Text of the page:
Matthieu David: So, once you have the client who is looking at the database is not. I mean you don’t leave them alone right you keep connecting with them because you may actually show up some opportunities… I don’t know on a monthly basis and so on, because you have an interest that is happening right
Peng Li: Of course.
Matthieu David: You have direct interest that something is happening, so you are not only providing information, and people and the clients are using the leads as they want, actually not using in some cases… you are actually pushing them to look at some articles; some information even adapts the search for them so they can actually find the right target because you have an aligned interest, at least you want them to close the deal.
Peng Li: Absolutely, our incentive is to… I was a banker, and our incentive is to make our client close deals because they are all private equity funds or MNA department of MNCs and their job is to close deals because they have dry powder, capital to invest and they need to invest. Usually, private equity funds have funds to invest for a certain period and they need to invest in China, in the best deals they can during that time frame.
So that’s why we try to generate as much deal flow and as much business intelligence in China for them daily. So now we have around ten per day. So, you know you will find… once you are on that platform you will find the ideal deal eventually and the one advantage of our platform is that we don’t need to…. most of the deals that are in our deal, don’t have financial advisors or investment bankers, so for example when I was selling this restaurant chain as an investment banker…. It’s already in the market basically the asset and me was basically selling it to many, many different private equity funds. We probably contacted over a hundred funds or strategic buyers etc.
So, all the market… it’s an auction process. So, for the buyer, if there is less advantage… if it’s an auction process because at the end of the day there is competitive friction and the highest bidder will get the asset. Here on our platform, because it’s proprietary and only have 50 clients right now, and they are all looking for different type of deals, usually they look at the deal they are the only investor our only potential interested party for that deal and that is very, very interesting because that gives them more time for diligence more time to establish the relationship with the founder and basically get the evaluation the entry evaluation down, so that’s the massive advantage they have using our platform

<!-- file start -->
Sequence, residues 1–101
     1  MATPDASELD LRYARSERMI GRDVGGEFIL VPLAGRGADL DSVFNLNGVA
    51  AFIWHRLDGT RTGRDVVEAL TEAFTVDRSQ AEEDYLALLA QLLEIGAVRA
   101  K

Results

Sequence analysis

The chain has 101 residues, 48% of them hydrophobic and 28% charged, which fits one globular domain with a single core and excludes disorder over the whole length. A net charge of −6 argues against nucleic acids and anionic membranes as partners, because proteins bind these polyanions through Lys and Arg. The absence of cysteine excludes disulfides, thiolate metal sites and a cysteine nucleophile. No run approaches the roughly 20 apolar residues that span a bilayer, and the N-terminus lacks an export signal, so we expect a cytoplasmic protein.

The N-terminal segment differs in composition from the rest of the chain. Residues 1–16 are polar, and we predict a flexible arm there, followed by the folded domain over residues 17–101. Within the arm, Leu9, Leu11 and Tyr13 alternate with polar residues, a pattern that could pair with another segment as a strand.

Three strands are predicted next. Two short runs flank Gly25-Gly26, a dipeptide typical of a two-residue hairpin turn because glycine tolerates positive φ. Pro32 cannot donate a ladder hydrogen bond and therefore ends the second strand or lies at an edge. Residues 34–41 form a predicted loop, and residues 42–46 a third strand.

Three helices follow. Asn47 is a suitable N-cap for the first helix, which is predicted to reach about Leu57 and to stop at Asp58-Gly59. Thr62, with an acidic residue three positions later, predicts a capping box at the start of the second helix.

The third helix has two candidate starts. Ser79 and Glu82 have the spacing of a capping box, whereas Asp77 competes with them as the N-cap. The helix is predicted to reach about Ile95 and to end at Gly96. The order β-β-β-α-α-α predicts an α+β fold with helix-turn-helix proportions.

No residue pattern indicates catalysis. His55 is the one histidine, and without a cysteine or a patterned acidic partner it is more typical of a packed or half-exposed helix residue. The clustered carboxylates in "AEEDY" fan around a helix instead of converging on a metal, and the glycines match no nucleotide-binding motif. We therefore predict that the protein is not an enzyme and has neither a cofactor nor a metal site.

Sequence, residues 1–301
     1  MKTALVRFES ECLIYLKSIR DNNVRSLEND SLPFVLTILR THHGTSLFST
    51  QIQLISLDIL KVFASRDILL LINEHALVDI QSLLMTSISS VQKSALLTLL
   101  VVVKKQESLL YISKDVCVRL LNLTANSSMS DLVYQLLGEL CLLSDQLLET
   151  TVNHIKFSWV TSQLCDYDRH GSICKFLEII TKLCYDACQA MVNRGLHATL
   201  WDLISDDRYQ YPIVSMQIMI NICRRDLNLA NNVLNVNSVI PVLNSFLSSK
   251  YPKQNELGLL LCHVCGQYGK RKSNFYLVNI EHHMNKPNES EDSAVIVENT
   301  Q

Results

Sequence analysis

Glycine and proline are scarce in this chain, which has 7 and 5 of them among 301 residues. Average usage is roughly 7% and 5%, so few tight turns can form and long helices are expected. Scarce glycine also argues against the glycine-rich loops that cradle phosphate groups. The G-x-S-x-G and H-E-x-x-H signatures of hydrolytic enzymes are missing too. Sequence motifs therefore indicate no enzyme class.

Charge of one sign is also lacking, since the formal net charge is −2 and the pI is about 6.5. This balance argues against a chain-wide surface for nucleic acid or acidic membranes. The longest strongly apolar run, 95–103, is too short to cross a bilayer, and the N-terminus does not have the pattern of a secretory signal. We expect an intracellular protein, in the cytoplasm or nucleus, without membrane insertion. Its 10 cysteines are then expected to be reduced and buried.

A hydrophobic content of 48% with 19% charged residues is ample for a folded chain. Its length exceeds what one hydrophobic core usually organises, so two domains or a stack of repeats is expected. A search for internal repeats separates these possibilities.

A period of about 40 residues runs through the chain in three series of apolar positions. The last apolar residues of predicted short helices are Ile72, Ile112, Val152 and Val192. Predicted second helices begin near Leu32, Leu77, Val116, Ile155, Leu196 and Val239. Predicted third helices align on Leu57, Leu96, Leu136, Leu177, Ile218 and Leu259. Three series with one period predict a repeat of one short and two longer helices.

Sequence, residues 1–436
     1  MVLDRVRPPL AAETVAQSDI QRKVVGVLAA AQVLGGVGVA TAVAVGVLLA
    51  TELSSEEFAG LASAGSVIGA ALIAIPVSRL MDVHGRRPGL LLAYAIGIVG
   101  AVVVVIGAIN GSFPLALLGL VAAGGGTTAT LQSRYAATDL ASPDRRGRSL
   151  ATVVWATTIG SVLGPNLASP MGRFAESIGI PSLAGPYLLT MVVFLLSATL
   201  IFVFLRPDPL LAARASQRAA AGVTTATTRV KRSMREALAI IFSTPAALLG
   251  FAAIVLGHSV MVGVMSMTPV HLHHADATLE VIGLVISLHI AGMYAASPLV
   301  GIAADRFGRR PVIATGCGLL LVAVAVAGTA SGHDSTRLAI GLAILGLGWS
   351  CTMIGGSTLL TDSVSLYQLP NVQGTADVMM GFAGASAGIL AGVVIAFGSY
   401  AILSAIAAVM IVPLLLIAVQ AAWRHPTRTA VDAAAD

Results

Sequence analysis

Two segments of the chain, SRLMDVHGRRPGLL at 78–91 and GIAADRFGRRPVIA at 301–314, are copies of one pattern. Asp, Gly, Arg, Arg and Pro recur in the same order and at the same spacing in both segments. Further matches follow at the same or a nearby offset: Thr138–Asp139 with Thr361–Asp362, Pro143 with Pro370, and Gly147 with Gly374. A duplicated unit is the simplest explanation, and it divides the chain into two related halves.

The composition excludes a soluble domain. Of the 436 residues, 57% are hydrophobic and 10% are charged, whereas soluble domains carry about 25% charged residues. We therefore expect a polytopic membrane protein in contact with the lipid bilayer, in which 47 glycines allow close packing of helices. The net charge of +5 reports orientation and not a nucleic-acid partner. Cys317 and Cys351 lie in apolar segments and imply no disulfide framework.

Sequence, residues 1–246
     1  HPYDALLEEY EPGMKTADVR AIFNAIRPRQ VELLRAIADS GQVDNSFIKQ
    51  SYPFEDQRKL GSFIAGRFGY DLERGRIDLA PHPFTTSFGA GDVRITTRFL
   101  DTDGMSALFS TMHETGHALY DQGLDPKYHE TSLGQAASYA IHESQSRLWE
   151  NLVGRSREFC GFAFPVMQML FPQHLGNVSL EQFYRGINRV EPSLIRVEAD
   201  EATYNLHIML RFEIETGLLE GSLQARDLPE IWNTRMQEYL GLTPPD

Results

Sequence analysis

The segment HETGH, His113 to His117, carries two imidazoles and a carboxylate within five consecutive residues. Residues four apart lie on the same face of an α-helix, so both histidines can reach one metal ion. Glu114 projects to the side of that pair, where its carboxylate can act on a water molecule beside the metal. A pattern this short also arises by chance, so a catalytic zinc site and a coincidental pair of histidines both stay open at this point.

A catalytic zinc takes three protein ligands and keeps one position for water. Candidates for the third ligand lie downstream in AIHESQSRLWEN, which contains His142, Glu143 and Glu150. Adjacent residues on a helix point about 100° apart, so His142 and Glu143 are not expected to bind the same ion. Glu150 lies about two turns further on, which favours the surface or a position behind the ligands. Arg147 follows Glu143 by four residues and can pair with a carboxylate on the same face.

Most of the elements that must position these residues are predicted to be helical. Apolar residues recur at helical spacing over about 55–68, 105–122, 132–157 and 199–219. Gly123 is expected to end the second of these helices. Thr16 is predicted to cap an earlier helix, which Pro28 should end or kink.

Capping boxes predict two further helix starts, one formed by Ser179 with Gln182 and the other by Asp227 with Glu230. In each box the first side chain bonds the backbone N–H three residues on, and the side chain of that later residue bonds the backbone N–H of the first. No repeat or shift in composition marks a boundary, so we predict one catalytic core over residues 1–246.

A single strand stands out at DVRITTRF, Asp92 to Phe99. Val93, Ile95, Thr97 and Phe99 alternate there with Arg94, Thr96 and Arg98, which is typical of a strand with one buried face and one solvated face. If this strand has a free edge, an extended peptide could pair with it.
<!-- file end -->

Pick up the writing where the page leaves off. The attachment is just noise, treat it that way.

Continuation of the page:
Matthieu David: Wait, I’m not sure I understand… does it mean that if you have a client in the automotive industry, you will refuse the older ones in the automotive industry?
Peng Li: No, no we don’t. We usually… right now for MNCs, it’s okay because we have people in the healthcare industry, we have people in the consumer industry and the industry or the manufacturing industry. So, we don’t have so many conflicts, but on the private equity side we have around 45 of those private equity funds. They are overlooking… it’s actually quite impressive and quite interesting that they are overlooking different deals. There are those who are looking for early venture deal; there are those who are looking for large buyout deals, there are those who look only for gross capital or consumer or those who only look for healthcare. So actually, right now we don’t have many conflicts but once… of course, now we have an increasing number of clients they are looking for more… some clients are looking for more of the same thing.
So, for now, we give them a sort of exclusivity. So, the first one who acts on business intelligence in China that we wrote, they will have exclusivity for a certain short period of time. So, it’s actually quite… I would say it works right now because sometimes there are some interests and they are busy on some deals, and they are not looking for new deals, and so it really happens like this. We are also trying to make it work and to understand how we make sure everyone is happy and everyone is getting the information from us.
Matthieu David: I think the barrier to entry on your finance company in China is that you have to invest a lot at the beginning in terms of getting a lot of articles. Could you give us an idea on the size of investment of how many articles you had to pour into this business or did you maybe select some verticals some segments some strategy? How did you deal with the initial investment because I feel that is the biggest barrier to entry?